[Tutor] Class Inheritance

Alan Gauld alan.gauld at btinternet.com
Fri Apr 23 09:42:51 CEST 2010

"David Hutto" <smokefloat at gmail.com> wrote 

> While experimenting with Tkinter(python2.6), when from Tkinter import*
> is used I came across the following error:
> ************
>  File "C:\Python26\lib\lib-tk\Tkinter.py", line 44, in <module>
>    from turtle import *

Huh? Why is Tkinter.py importing from turtle?
It doesn't in my Python 2.5 version.

>  File "C:\Python26\lib\lib-tk\turtle.py", line 374, in <module>
>    class ScrolledCanvas(Tkinter.Frame):
> AttributeError: 'module' object has no attribute 'Frame'

Which is also odd since turtle.py imports Tkinter as TK 
so why would it be referring to Tkinter? Something is 
broken in your standard modules!

> Which stems from the below in turtle.py:
> class ScrolledCanvas(TK.Frame)
> I know that ScrolledCanvas is trying to use class TK.Frame as it's base
> class to build from, and the class Frame is what is trying to be called
> from the Tkinter module.

Yes, TK is an alias for Tkinter. So why is your error showing 
Tkinter when the module imports it as TK?

> So I tried to alter the turtle.py. When I try to just 'from Tkinter
> import *, such as:

Don't ever modify the standard modules! There lies chaos. 
If you want to try changing something make a copy and work 
on that. Then you know you can go back to something that 
has been tested and proven to work.

> from Tkinter import *
> class ScrolledCanvas(Tkinter.Frame):
> I get:
> *****************
>    class ScrolledCanvas(Tkinter.Frame):
> NameError: name 'Tkinter' is not defined

Thats right, when you import * you import all the names 
inside the module but not the module itself. So any references 
to the module will generate this error.

> I know pretty much what is going on there. But when I try to use:
> import Tkinter
> from Tkinter import *

Don't mix these two styles. It is very common for modules to 
contain objects of the same name as the module so the second 
import often hides the module name. And if you do it the other 
way round the module name hides the internal object.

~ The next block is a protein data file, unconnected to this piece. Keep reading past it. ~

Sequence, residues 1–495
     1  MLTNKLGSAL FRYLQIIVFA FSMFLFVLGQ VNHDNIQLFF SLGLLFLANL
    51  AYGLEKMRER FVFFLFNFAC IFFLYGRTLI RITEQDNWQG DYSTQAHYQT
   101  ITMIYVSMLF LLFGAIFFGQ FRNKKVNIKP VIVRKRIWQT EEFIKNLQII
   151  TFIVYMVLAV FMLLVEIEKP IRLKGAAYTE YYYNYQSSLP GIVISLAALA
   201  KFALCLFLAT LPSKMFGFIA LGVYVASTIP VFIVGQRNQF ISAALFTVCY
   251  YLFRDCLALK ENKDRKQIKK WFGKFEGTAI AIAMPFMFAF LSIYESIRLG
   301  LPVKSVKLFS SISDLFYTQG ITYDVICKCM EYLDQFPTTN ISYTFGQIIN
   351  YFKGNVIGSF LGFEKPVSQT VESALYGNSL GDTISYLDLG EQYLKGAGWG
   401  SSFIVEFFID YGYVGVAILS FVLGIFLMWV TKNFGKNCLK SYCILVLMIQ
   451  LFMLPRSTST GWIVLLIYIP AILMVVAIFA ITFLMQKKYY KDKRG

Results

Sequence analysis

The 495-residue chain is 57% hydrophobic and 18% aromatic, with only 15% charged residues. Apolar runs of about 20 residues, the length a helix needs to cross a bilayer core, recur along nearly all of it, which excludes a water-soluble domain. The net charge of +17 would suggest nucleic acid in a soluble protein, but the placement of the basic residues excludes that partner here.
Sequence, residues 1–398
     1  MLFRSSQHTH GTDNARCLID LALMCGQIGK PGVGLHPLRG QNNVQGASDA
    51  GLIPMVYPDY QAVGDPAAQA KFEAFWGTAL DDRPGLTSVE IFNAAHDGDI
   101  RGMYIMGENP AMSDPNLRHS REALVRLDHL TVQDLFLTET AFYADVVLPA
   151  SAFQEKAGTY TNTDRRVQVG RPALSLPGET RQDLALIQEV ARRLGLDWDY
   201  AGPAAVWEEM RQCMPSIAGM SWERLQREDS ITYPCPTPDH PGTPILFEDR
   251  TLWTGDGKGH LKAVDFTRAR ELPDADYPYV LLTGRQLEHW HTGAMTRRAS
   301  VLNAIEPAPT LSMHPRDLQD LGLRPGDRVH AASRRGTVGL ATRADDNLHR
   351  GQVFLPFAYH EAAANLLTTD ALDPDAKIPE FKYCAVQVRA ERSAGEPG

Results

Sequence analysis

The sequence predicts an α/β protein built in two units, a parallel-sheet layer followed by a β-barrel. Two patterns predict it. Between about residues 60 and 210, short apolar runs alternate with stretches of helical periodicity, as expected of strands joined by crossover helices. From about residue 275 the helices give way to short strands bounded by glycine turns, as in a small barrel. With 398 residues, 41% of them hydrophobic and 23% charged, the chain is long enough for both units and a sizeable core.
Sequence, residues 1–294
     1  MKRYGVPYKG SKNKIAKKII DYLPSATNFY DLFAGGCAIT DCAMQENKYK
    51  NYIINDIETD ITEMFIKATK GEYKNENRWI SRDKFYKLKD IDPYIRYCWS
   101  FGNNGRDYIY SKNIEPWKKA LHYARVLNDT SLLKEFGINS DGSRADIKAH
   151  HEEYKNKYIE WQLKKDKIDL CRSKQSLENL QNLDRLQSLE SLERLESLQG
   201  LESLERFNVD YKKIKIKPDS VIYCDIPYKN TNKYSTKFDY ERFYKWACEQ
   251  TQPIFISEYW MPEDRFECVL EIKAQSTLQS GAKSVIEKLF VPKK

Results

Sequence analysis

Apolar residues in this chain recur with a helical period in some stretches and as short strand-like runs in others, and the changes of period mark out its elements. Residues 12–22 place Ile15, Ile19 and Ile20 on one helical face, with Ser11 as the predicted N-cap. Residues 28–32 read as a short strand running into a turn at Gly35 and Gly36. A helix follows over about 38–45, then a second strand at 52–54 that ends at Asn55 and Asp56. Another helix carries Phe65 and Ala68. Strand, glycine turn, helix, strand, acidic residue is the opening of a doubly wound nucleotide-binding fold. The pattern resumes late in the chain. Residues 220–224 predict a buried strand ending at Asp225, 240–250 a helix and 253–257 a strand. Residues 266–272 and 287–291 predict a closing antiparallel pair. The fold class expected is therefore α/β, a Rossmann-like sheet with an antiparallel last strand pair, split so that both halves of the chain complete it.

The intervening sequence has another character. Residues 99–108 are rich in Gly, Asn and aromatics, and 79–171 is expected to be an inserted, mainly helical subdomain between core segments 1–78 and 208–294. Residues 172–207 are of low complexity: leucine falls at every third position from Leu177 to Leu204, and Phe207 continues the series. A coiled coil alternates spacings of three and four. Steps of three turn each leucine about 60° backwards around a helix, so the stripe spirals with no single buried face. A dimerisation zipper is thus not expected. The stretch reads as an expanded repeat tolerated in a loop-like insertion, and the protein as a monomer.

Its just confusing. Use one or the other and preferrably don't 
use import * except for experimenting at the >>> prompt.

> class ScrolledCanvas(Tkinter.Frame):
> It takes me back to the first error. Which means
> in both instances both directly called by me, and
> when called from the original turtle.py call,
> it's not finding the Frame class.

Because by messing about with the imports you have confused 
things to the point where Python doesn't know where to look for it.
Go back to the standard modules and work with them as-is. 
They work.

> for example, when the base class is defined in another module:
> class DerivedClassName(modname.BaseClassName)
> "
> So why does the above, from turtle.py, a standard module,
> not allow this, 

It does and in its original form

import Tkinter as TK
class ScrolledCanvas(TK.Frame)

It works just fine!

> the module writer got wrong, or more likely, that I'm not
> understanding about what it's doing?

You don't understand how Python module imports and namespaces 
work. Try reading the "Modules and Function" topic in my tutorial 
followed by "Whats in a name"?

> As a sidenote, I ended up removing the from turtle import *
> line from Tkinter which resolved the problem(the example I was using
> didn't have a canvas, and I'm pretty sure Tkinter was defaulting
> to the ScrolledCanvas).

How did it get there in the first place? Did you add it?
Why would Tkinter import turtle? turtle is built using Tkinter 
not the other way around. Do not change the standard library 
modules - they work just fine as they are. And because they 
are used by other modules beeaking one is likely to cause 
an avalanche effect. 

If you really think you can improve on them make a copy 
with a new name and change it.


Alan Gauld
Author of the Learn to Program web site

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